Popularly snide party game Cards Against Humanity has launched a campaign to donate all online profits gathered in 22 US states to the National Network of Abortion Funds following the overturning of Roe v. Wade and a widespread tightening of anti-abortion legislation across the country.
Detailed on a page that begins by simply declaring, “Your state sucks,” the company explains that the release of three new packs will also usher in an indefinite deal where all webstore sales within states “that have banned or restricted abortion since the ghoulish theocrats on the Supreme Court overturned Roe v. Wade,” the website reads. “We're also including states that probably will soon.”
All of that money will be donated to NNAP, a US-based organisation that links resources to local efforts across the country providing access to care, education and legal advocacy within smaller communities. Think of it as a pipeline to smaller grassroots programs that have elected to become members with the NNAP. The states where Cards Against Humanity will donate all profits include Alabama, Arizona, Arkansas, Florida, Georgia, Idaho, Indiana, Kentucky, Louisiana, Mississippi, Missouri, North Dakota, Ohio, Oklahoma, South Carolina, South Dakota, Tennessee, Texas, Utah, West Virginia, Wisconsin, and Wyoming.
Other states will have the option of adding a $5 donation to their purchase, which the company will match. There’s no word on whether international customers will have the option of donation. This offer only covers products sold through the company’s online store, which will remain active “for the foreseeable future”. The new packs, containing both prompt and answer cards to be added to the base game, include the Scary Pack of “serial killers, sex goblins and vaginas with teeth”, the Written by Kids Pack (it’s exactly what’s advertised), the sombrely apt Climate Catastrophe Pack and the third and final Picture Card Pack - these add inexplicable photos to each card.
Cards Against Humanity has developed a fairly well known reputation for promotional stunts, some of which have aligned with the company’s politics and others which followed a more ‘sticking it to The Man’ style of humour. Among the former, the company reportedly purchased land along the US-Mexico border in order to stall the construction of then-President Trump’s proposed border wall. It has also donated profits to public schools, voter registration groups and, in 2020, a slew of employee-nominated charities.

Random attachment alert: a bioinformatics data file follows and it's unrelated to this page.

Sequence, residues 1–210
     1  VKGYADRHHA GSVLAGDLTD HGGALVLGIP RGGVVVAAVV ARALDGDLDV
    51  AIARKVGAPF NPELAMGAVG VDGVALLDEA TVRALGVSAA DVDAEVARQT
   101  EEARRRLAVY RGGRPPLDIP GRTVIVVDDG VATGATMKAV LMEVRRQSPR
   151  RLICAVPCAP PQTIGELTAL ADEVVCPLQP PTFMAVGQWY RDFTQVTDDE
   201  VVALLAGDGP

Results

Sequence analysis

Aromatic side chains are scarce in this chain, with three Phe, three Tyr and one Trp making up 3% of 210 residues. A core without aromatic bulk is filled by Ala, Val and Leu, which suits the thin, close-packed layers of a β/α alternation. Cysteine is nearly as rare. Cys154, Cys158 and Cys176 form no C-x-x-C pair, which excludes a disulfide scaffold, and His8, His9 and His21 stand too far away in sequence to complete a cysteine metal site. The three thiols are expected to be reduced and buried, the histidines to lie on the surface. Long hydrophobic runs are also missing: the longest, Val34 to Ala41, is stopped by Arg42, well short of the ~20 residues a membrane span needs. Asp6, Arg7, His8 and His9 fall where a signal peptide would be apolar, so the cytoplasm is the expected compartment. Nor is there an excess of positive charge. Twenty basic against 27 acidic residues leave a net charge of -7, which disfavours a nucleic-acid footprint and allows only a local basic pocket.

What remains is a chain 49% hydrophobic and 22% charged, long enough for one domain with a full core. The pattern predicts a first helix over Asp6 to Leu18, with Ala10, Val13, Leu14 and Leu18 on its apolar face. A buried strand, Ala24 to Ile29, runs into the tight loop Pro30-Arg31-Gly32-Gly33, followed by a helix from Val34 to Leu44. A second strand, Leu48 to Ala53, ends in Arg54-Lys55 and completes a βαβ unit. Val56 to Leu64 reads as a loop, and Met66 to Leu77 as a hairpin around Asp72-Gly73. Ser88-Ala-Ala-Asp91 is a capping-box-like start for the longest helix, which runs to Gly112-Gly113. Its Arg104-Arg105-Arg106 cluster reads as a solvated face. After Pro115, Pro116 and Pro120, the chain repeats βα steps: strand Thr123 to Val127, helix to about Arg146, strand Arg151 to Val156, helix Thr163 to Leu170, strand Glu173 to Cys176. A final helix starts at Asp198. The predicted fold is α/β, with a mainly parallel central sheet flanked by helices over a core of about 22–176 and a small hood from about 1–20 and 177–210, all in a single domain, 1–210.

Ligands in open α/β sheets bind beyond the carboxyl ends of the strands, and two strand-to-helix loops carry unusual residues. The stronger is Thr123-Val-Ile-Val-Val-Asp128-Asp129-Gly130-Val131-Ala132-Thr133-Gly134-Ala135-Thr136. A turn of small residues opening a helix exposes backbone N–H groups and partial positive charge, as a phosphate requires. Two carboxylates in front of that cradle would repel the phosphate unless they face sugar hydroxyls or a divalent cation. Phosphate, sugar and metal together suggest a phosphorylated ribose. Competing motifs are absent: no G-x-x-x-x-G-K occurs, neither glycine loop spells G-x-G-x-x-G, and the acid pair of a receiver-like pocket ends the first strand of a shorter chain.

Yearly Black Friday pranks have been more hit and miss, including one year when Cards Against Humanity accepted donations to dig a giant "Holiday Hole" in the ground that grew larger with each dollar. The company also has a reported history of a toxic, racist and sexist work culture reaching back to at least 2017 that eventually led to Max Temkin stepping down as CEO - Temkin has long been accused of numerous sexual assaults. Not long after, Cards Against Humanity announced that it was unionising - one of the first of its size in tabletop games.
Polling data within the states affected by strict anti-abortion laws was conducted on behalf of Cards Against Humany, and the card game publisher reported a selection of the results from the “dystopian forced-birth hellscapes” on its website. As someone who lives in one of the affected states, I find it difficult not to resent how the polls are presented. Card Against Humanity props up the state’s population as an easy scapegoat, seemingly blaming the end of Roe v. Wade on uneducated bigotry instead of a history of conservative gerrymandering, fundamental religious influence on government institutions and the evident failure of the two-party system across the midwest and rural south.
There’s an inclination among people in more politically liberal states to condemn places, such as Texas, Indiana and Florida with a dismissive, ‘we’re better off without them’ attitude that ignores huge portions of the population that can’t - or shouldn’t be expected to - simply leave. While Cards Against Humanity’s trademark crass phrasing doesn’t quite reach that level of casual cruelty, it leaves the door open for others to do so.
If I’m to read moral judgments from the makers of the party game best described as Apples to Apples but with swears, can it at least contain a bit more compassion and end with a better call to action than the tired Liberal maxim of “For the love of God, don't forget to vote”?